One of the workers, who said he witnessed the police hitting colleagues, said he and his work mates are now demanding a significantly larger pay increase because they are angry about the police assault. “I came here to save money,” said the man, a 24-year-old from nearby Hebei province who declined to give his name out of fear of retaliation. But he said it isn’t easy from the “meager pay” he receives, which he put at about 1,000 yuan a month, or $146.

A number of workers at another Toyota supplier in Tianjin, Tianjin Star Light (Xingguang) Rubber Plastic Co., which is 51%-owned by Toyoda Gosei, walked off the job earlier in the week, demanding a pay hike. But those workers, who produce rubber weather strips, quickly agreed to return.

A Toyoda Gosei manager said Thursday that workers at Tianjin Toyoda Gosei began threatening to strike a week or so ago. The plant agreed to provide a 20% wage increase Tuesday, and the factory’s labor union formally accepted the offer the next day. But 40 workers in the plant’s logistics department, which handles parts deliveries to Toyota plants, began asking for a bigger pay hike and walked off the job Thursday morning.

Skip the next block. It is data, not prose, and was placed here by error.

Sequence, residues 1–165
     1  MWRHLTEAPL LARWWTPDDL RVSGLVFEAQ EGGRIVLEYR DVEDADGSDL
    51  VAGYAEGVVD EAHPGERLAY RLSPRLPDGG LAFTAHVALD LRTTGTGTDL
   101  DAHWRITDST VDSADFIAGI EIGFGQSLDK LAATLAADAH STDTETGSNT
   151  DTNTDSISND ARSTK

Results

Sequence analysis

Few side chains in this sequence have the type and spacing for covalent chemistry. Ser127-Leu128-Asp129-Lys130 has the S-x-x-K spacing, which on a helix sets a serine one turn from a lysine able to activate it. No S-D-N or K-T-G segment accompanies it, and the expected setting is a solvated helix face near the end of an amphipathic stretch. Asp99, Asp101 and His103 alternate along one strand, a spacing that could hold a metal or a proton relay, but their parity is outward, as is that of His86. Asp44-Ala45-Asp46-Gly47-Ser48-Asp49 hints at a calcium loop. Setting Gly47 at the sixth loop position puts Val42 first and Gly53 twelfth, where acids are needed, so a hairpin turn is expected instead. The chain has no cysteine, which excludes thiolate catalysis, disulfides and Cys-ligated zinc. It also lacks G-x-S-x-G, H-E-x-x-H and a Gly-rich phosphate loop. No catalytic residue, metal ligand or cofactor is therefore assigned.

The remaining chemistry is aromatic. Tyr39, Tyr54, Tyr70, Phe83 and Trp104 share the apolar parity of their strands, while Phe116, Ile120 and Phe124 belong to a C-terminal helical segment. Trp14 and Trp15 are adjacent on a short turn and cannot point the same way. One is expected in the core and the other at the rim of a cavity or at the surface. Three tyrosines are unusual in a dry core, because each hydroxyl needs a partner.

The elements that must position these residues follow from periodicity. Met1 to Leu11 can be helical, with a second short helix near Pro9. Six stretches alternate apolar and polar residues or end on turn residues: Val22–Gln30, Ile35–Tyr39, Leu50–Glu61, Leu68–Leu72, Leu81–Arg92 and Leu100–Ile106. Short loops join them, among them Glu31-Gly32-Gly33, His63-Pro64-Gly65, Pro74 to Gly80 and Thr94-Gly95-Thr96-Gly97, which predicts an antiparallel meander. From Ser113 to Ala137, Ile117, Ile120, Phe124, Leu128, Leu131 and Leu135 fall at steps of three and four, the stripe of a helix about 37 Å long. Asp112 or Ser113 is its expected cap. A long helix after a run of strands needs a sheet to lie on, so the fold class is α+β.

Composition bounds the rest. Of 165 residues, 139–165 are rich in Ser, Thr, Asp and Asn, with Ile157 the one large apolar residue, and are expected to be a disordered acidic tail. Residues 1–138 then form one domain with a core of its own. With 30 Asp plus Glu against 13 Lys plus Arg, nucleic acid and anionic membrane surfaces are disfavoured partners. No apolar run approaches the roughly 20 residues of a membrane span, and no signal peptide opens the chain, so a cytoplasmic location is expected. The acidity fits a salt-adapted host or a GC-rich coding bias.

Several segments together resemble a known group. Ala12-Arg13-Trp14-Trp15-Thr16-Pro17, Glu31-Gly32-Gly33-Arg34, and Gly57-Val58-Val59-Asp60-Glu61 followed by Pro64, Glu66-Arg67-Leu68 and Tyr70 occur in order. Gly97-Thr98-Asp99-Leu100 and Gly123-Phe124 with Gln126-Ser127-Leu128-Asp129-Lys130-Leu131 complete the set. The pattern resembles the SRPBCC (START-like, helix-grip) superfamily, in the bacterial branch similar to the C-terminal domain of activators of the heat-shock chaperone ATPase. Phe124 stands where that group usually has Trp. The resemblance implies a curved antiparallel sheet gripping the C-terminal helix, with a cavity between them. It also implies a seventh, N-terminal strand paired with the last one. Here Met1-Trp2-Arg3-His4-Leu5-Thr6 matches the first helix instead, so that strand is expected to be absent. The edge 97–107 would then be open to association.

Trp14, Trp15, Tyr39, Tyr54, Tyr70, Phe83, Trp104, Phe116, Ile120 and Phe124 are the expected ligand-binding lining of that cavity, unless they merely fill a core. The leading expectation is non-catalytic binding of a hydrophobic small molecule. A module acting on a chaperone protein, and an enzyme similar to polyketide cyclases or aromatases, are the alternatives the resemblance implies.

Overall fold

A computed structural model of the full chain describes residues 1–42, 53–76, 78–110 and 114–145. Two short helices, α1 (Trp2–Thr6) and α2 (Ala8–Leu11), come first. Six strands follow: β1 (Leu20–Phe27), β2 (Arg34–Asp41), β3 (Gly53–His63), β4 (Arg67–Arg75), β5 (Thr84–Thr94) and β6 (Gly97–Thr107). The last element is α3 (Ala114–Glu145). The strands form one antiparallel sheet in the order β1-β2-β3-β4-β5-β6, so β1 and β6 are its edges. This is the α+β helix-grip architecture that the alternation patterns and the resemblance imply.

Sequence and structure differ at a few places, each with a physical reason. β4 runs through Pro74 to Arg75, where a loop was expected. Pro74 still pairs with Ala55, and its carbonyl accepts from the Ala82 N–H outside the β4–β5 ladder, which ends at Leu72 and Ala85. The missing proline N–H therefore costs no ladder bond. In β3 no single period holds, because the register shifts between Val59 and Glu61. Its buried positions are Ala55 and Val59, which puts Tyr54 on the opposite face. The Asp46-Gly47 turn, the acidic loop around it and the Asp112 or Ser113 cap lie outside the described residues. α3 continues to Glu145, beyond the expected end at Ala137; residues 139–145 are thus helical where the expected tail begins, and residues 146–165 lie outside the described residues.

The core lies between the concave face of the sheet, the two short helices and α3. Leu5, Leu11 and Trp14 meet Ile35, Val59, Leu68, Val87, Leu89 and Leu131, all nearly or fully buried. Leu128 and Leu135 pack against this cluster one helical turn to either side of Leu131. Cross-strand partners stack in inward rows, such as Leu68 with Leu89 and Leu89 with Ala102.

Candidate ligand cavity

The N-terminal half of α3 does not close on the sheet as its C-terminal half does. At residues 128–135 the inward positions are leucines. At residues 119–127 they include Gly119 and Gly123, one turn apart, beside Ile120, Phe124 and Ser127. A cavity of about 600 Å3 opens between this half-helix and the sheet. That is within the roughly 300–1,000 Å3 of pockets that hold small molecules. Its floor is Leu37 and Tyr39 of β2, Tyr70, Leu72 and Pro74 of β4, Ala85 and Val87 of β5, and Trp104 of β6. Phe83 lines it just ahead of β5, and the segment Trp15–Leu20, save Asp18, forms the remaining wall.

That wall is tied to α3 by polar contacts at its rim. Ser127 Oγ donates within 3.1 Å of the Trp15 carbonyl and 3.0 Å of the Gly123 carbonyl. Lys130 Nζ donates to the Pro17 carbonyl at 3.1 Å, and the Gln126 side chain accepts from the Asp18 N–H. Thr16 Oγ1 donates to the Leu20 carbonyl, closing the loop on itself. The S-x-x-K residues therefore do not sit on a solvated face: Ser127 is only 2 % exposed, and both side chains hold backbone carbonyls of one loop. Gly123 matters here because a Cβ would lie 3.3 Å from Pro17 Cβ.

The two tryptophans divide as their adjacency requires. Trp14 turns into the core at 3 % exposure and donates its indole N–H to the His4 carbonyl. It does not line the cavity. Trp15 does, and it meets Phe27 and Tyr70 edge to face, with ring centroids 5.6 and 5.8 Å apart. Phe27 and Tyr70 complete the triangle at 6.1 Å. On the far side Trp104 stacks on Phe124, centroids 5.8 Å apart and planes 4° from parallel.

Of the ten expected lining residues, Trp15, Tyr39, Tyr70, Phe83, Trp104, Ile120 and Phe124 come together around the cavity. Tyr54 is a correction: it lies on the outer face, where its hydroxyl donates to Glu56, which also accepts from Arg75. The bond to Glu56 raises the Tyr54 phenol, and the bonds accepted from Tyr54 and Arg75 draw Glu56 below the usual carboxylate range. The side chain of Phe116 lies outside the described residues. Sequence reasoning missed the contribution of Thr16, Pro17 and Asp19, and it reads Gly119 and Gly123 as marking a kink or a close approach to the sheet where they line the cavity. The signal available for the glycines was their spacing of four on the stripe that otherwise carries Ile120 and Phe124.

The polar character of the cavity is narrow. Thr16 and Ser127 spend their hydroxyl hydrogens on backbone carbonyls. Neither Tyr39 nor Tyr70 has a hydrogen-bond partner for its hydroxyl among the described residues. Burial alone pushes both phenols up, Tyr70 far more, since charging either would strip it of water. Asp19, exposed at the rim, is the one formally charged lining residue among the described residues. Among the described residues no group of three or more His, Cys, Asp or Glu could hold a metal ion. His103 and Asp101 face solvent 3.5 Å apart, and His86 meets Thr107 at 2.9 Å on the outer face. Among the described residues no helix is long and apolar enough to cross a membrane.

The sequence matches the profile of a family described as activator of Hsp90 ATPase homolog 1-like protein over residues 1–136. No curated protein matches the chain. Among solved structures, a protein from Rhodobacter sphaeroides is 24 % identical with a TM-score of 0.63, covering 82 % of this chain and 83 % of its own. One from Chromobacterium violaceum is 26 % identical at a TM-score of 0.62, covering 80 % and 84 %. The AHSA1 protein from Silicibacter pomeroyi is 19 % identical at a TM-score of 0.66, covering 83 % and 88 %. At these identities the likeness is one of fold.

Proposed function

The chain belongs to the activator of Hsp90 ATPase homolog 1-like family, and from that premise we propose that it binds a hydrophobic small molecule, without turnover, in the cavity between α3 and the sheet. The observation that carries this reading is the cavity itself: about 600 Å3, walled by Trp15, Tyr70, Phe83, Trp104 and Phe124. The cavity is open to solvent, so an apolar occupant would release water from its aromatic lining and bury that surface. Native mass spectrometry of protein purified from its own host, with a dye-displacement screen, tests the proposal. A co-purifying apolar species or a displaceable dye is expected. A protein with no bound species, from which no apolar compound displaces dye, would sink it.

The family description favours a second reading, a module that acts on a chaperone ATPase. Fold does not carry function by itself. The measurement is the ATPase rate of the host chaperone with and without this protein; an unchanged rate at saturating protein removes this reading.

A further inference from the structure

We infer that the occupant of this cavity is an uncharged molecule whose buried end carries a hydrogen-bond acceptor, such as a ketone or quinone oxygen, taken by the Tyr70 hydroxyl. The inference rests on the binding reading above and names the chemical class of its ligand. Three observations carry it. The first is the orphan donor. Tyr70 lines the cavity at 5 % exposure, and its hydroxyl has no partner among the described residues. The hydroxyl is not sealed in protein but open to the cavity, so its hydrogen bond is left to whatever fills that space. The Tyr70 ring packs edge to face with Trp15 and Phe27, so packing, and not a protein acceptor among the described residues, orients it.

A Chinese worker at Tianjin Toyoda Gosei said workers are frustrated despite the offered wage increase because they feel their requests to negotiate with the company were ignored for months. “Our Japanese bosses think we should not get a raise at all,” said the worker, who asked not to be named. “They look down on Chinese workers.” Workers generally make slightly more than 900 yuan a month, she said, though that doesn’t include overtime and some workers make more.
—Gao Sen and Kersten Zhang contributed to this article.